By federal regulation, the common cold and flu are exempt from OSHA's recordkeeping and reporting requirements (29 CFR Part 1904.5(b)(2)(vii)): the rationale for the exemption is that the spread of the cold and flu are so pervasive that is typically near-impossible to identify the source of infection; i.e., there would be no reasonable way to determine whether it was more likely than not that the illness was caused by an exposure in the workplace. The scale of infection of COVID-19 is expected to soon spread like the flu and common cold, with such overlap of symptoms a permanent standard for COVID-19 is an undue burden to Virginia's businesses. Work-relatedness for non-hospital workplaces have already been relaxed by Federal OHSA.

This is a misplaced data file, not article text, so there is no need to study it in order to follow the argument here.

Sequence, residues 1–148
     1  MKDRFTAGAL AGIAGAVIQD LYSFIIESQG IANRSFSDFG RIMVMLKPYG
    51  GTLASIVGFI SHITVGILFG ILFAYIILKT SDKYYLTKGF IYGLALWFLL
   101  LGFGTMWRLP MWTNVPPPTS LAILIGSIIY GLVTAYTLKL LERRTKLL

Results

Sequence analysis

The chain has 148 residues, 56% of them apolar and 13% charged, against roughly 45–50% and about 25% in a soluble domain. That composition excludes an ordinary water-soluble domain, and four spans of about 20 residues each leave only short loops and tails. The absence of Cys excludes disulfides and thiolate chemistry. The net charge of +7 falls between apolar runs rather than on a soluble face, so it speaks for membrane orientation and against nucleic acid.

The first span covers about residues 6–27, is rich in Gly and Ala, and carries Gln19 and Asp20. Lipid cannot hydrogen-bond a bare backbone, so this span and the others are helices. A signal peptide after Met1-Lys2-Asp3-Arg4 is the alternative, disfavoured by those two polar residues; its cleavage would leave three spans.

Symptom overlap of flu and common colds will trigger employee absenteeism that cannot be navigated successfully. A ten-day quarantine for any related symptoms (e.g. runny nose or cough) is simply too restrictive.
A need for an off-ramp, when a vaccine or herd immunity is achieved, should be entered into the standard to allow workers and business to eventually return to normal operations.
The information about COVID-19 has evolved daily, recommendations have changed frequently, a permanent standard is pre-mature at this point.